Plaintiff argues that its motion should be granted for the following reasons: (1) it is not prejudicial to Defendant, since no answer has been filed to the First Amended Complaint; and (2) the amendment is not sought in bad faith or for the purpose of delay and is merely Plaintiff's attempt to clarify the nature of the business relationship between the parties. In response, Defendant alleges that Plaintiff's proposed amendment is futile because it could not survive a motion to dismiss. In support of this theory, Defendant claims that Plaintiff has already conceded, and continues to admit, that there was an express contract between the parties and that the existence of such a contract prohibits Plaintiff's recovery under a theory of unjust enrichment. Defendant also argues that Plaintiff's motion should be denied as being made in bad faith because it is Plaintiff's way of backpedaling from an admission that is fatal to its sole claim of unjust enrichment. Some background on the claim of unjust enrichment is helpful.

Unjust enrichment, also referred to as quantum meruit, "lies in a promise implied in law that one will restore to the person entitled thereto that which in equity and good conscience belongs to him."[21] "Unjust enrichment creates, on the basis of equity and justice, a quasi-contract, which is used to enforce noncontractual duties."[22] To succeed on a claim for unjust enrichment, a plaintiff must show "(1) a benefit has been conferred upon the defendant, (2) the defendant retains the benefit, and (3) under the circumstances, the defendant's retention of the benefit is unjust."[23] "Kansas law is clear that quasi-contractual remedies, such as unjust enrichment, are not to be created when an enforceable express contract regulates the relations of the parties with respect to the disputed issue.'"[24]

a. Futility

"A court may deny a motion to amend as futile if the proposed amendment would not withstand a motion to dismiss or if it fails to state a claim upon which relief may be granted."[25] "In order to determine whether a proposed amendment is futile, the court must analyze the proposed amendment as if it were before the court on a motion to dismiss pursuant to Fed.R.Civ.P. 12(b)(6)."[26]

Under Rule 12(b)(6), a defendant may move for dismissal of any claim for which the plaintiff has failed to state a claim upon which relief can be granted.[27] Upon such motion, the court must decide "whether the complaint contains enough facts to state a claim to relief that is plausible on its face.'"[28] A claim is facially plausible if the plaintiff pleads facts sufficient for the court to reasonably infer that the defendant is liable for the alleged misconduct.[29] The plausibility standard reflects the requirement in Rule 8 that pleadings provide defendants with fair notice of the nature of the claims as well as the grounds upon which each claim rests.[30] Under Rule 12(b)(6), the court must accept as true all factual allegations in the complaint but need not afford such a presumption to legal conclusions.[31] Viewing the complaint in this manner, the court must decide whether the plaintiff's allegations give rise to more than speculative possibilities.[32] If the allegations in the complaint are "so general that they encompass a wide swath of conduct, much of it innocent, then the plaintiffs have not nudged their claims across the line from conceivable to plausible.'"[33]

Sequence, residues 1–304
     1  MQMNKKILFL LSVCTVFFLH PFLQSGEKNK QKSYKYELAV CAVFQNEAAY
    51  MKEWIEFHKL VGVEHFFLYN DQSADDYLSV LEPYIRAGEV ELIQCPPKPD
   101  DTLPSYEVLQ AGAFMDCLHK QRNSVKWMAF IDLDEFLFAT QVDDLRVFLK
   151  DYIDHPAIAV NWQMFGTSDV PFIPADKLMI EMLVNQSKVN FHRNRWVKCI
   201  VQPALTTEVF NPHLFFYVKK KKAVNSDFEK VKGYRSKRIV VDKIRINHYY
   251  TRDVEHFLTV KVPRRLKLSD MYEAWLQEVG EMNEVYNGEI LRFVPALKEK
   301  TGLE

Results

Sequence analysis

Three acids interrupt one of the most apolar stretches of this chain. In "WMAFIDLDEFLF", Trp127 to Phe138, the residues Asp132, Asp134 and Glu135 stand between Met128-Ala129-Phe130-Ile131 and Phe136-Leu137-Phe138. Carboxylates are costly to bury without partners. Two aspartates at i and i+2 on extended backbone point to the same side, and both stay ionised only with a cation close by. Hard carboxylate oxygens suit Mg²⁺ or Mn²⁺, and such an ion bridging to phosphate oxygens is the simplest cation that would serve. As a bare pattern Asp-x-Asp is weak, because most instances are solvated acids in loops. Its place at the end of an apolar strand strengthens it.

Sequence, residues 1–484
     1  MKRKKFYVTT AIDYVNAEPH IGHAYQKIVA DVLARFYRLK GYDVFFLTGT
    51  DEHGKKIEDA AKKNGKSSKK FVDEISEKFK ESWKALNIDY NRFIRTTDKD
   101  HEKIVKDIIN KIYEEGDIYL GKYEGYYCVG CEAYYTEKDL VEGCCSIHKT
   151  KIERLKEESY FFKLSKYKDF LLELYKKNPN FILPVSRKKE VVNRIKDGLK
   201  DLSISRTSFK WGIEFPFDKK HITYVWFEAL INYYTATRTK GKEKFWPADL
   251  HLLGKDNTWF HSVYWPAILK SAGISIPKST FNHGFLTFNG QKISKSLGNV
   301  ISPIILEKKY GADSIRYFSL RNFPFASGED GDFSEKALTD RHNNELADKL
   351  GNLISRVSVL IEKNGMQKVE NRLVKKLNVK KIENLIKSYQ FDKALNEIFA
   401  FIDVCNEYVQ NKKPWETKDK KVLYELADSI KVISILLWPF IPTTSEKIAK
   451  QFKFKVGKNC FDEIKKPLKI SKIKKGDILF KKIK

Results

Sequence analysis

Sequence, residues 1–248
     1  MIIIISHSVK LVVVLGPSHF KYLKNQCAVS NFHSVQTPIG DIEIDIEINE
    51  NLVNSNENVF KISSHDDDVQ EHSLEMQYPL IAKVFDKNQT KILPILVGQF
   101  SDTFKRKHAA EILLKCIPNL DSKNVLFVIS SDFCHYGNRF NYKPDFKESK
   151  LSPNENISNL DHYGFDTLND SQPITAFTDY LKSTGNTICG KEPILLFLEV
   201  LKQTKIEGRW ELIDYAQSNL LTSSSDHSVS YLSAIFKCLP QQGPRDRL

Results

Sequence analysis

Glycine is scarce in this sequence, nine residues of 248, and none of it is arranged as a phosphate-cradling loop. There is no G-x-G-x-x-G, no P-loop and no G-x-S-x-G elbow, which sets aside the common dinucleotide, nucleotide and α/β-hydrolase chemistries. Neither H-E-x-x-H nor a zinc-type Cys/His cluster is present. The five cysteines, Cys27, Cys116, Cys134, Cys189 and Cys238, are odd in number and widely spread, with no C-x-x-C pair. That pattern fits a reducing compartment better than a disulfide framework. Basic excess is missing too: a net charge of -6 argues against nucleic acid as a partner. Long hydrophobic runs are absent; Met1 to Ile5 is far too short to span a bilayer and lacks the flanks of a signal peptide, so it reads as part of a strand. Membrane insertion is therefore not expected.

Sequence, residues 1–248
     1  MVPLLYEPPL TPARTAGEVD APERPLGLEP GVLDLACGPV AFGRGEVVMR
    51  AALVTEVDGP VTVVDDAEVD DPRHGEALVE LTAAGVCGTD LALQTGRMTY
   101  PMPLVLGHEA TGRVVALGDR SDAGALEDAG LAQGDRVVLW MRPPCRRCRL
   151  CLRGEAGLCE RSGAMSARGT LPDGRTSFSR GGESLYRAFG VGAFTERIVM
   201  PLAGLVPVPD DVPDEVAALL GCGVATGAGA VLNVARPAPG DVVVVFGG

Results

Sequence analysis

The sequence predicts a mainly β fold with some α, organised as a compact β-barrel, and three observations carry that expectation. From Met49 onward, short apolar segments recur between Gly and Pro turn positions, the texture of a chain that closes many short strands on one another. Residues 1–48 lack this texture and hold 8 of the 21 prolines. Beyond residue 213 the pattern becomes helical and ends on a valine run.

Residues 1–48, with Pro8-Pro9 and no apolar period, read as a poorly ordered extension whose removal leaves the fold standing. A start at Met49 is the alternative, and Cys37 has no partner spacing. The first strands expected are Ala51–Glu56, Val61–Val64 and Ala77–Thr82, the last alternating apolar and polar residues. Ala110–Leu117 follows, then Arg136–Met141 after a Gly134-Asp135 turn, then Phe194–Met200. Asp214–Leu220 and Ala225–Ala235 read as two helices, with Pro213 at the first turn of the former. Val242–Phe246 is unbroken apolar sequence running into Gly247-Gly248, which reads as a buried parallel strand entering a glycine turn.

Defendant alleges that by Plaintiff using the word "contract" in its original Complaint, its Amended Complaint, and its Motion for Leave to File a Second Amended Complaint, Plaintiff has admitted the existence of at least an express oral contract and, under Kansas law, the presence of an express contract prohibits recovery under a claim of unjust enrichment. Plaintiff acknowledges this Kansas law, but claims that there was no contract or, in the alternative, there was no written contract. Defendant responds that an express contract can be either written or oral.[34] Based on this Court's review of the relevant case law, it appears Defendant is correct: under Kansas law, "[a]n express contract can be either written or oral, and exists whenever there is a mutual meeting of the minds upon any contractual provision."[35]

The issue remains, however, whether Plaintiff's heavy use of the word "contract" in its original Complaint and its one-time use of the word in the Amended Complaint is enough to establish the existence of at least an oral contract. This is an issue that Plaintiff strongly contests.[36] "The issue in resolving a motion to amend, when futility of amendment is argued, is not whether the plaintiff will ultimately prevail, but whether the claimant is entitled to offer evidence to support the claims.'"[37] Here, it is certainly plausible that Plaintiff could offer evidence to support its claim that there was not a contract, of any form, between the parties. The determination of this issue is the crux of Plaintiff's claim (and Defendant's defense): the establishment of a contract may preclude Plaintiff from seeking redress based on unjust enrichment. Therefore, the Court declines to find that granting Plaintiff leave to amend would be futile.

b. Bad Faith

Nor does the Court believe that Plaintiff's motion is made in bad faith. Contrary to Defendant's assertion, the Tenth Circuit has not explicitly held that bad faith may be inferred "when a plaintiff seeks to amend its Complaint to make allegations that directly contradict the allegations made in the original pleading solely to circumvent a defense raised in a Rule 12(b) motion."[38] There is no evidence in the record that convinces this Court that Plaintiff is trying to do anything other than clarify, at least from its perspective, the business relationship between the parties and the issue in question. Therefore, Plaintiff's Motion for Leave to File a Second Amended Complaint is granted.

IT IS THEREFORE ORDERED that Plaintiff's Motion for Leave to File an Amended Complaint (Doc. 12) is hereby GRANTED. Defendant's Motion for Sanctions (Doc. 16) is hereby DENIED.